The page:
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Studio gear Pro Con

So Me and a friend are building a new studio, smaller in size, mostly low budget. I made a list of mostly all round mics, but high quality. The guy at the store gave us "better" options. What I would like, is a professional opinion on the gear we would like, and the gear he thinks is better...

Our choices.

Neumann TLM 103
Avalon M5
Avalon U5
Focusrite Octopre

His choices...

Brauner Phantom AE
Great River Me1NV
Countryman DT 85
PreSonus Digimax 96k


RemyRAD Wed, 07/12/2006 - 21:33
I think when all is said and done, in a studio situation, you'll eventually end up with the entire list of all the equipment you have listed. I mean I don't know any studio or studio owner, that ever thinks they ever have enough equipment for everything they hope to do?

I love Montréal
Ms. Remy Ann David

AudioGaff Wed, 07/12/2006 - 22:00
Remy speaks from experience. You'll need more gear and things than you can ever think of or plan for at this time, and you'll want more gear and things that you can imagine at this time.

There is no best. And what one person thinks is best can be much different that what somebody else thinks is best. We now live in a time where we have many choices and many of those choices are as good as the other. ALWAYS be leary of the sales weasle opinion. Many to most of them are uneducated, unexperienced, misinformed, biased, and more profit driven that they are in providing the proper guidence for what is best for each customer.

BobRogers Thu, 07/13/2006 - 05:08
Just to state the obvious, the items on the first list tend to be names that will be more familiar to musicians who aren't that experienced with recording. How knowledgeable is your customer base? How well established is your reputation? Will your customers be confident in your choice of a less familiar brand? It's nice to be idealistic and focus on sound, but in the real world of running a business familiar brand names and beautiful interfaces have real value.

mark_van_j Fri, 07/14/2006 - 05:35
Most of the stuff ive listed is gear that Ive actually heard or used before. What were looking is to have a good fundemental base of equipment, which can pretty much be multi purpouse. While the Great River preamp sounds great, it is described more as a Neve 1073 clone. Would this be a good all round preamp? More than the Avalon?

Maybe AB-ing the gear would be the best thing to do after all... :? But I would still rather learn from experience, even if it wasnt mine... :D

pr0gr4m Wed, 07/12/2006 - 15:36
TLM 103 vs Phantom AE:
It's hard to say that one mic is better than another. They all have their own character and some are good for certain things while they may stink for other things. Honestly, I've never used the Brauner so I can't comment on it specifically. The Neumann is a popular mic, but that doesn't necessarily make it better, or worse. This choice should be based completely on your preference/needs.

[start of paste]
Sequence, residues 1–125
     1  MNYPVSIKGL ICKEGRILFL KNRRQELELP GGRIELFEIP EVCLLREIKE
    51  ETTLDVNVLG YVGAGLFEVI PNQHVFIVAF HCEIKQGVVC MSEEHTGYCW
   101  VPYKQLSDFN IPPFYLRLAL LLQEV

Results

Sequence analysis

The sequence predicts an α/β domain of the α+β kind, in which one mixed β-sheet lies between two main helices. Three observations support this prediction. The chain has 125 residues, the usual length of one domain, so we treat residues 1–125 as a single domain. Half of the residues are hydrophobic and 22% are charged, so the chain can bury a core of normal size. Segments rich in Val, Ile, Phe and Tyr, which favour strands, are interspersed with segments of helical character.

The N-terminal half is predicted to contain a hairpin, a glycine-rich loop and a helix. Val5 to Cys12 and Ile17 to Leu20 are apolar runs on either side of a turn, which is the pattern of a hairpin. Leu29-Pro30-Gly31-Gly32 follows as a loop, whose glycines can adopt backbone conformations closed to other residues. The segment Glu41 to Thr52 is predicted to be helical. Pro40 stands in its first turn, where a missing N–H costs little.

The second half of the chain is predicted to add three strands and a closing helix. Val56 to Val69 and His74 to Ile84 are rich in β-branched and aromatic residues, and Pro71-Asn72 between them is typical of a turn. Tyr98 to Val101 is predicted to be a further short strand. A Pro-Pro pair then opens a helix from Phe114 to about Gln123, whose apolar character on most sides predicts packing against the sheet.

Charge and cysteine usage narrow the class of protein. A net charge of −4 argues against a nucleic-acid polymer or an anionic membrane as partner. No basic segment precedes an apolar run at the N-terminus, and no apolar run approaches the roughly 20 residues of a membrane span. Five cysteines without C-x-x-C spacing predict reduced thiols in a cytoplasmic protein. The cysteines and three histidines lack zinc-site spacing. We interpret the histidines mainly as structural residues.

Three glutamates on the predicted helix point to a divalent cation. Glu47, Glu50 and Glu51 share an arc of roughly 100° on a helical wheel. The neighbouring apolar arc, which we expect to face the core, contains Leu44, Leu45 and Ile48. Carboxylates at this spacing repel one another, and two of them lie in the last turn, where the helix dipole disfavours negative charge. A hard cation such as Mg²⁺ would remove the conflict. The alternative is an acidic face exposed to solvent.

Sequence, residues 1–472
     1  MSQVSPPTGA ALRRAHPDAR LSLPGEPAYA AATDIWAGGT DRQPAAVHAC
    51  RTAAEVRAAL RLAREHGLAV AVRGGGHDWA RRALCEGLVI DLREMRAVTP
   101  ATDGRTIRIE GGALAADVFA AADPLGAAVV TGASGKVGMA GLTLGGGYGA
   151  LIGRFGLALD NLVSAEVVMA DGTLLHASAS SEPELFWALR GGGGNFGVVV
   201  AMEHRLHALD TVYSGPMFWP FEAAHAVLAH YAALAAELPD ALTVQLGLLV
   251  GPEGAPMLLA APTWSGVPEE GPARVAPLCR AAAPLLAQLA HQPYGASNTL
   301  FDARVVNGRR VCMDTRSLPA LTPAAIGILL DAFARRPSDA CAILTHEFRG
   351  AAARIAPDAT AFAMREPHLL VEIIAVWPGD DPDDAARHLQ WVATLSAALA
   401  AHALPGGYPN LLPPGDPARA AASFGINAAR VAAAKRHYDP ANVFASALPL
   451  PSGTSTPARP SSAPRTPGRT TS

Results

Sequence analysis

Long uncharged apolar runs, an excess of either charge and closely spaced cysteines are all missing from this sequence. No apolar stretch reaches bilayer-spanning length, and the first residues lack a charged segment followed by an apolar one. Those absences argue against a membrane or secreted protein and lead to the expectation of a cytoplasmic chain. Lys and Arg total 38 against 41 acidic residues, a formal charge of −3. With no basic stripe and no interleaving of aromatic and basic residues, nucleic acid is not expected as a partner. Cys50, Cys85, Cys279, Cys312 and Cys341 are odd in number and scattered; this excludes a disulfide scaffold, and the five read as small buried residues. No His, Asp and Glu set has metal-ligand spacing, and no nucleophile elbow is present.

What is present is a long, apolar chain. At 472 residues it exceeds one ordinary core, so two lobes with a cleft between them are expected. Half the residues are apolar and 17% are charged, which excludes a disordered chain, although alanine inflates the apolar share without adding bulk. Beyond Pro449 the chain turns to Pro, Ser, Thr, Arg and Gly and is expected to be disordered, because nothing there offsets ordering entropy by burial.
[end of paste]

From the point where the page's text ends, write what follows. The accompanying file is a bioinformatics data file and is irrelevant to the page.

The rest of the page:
M5 vs Me1NV:
No contest. The Great River is better. Well that's just my opinion. The Avalon isn't bad at all, I just like the Great River better.

ACTUALLY...What you should do is have the salesman setup both mics and both preamps so you can hear the differences and make your choice. Make him actually show you why he recommends what he's recommending. If he doesn't or can't, tell him you'll go somewhere else.

U5 vs DT85:
The Avalon is nice, but expensive for a DI. The Countryman is nice as well but the two devices are quite different. The Countryman is a straight DI box while the U5 can be used to change the signal.
You may want to look into Radial. I love their DIs. You will probably need more than just one DI and if you blow your wad on the Avalon you won't have any money left over. If you go with Countryman or Radial you could get 3 of them for the price of 1 Avalon.

Octopre vs Digimax:
I've never used either of these. I use the MOTU 828 MKII with external pres. The Presonus allows for up to 96khz sample rates, whereas the Focusrite only goes up to 48khz. But if you don't plan on using 96khz, you don't need it. The Focusrite has handy dandy front inputs while the Presonus doesnt. The Focusrite is half the price of the Presonus.
I don't know how much of a difference in sound the two units have, but they seem to have different features. If they both sound the same, pick the one that has the features that you want/need. Or if money/channels is important, get two Focusrites for the price of just the one Presonus.

You may also want to look at MOTU or Mackie Onyx preamps.

BobRogers Wed, 07/12/2006 - 17:30
What are you aiming for with the Avalon U5? I am a bass player and have considered getting one, but I can't see it. I'd rather get a mic preamp that I can use for bass or less expensive, more durable DI like the countryman. Right now, I record my bass through either a groove tubes brick, a FMR RNP, or a line 6 bass pod. The mic preamps sound somewhat better after I add eq and compression. But I have the POD dialed in for live use through the PA, so the sound is pretty good straight into the board. I'm a little worried that the U5 would need to be coupled with an eq and a compressor, but still be as limited as a DI - to bass, electric keys or clean guitar. With so mahy mic preamps that do a good job for bass, why buy something in the same price range that can't be used for vocals.

Just a tip on a piece of equipment that I think of as mostly live sound, that can come in handy as a DI. The Baggs paraacoustic DI isdesigned for live acoustic guitar pickups (and works well for that IMHO) but it makes a very good bass DI.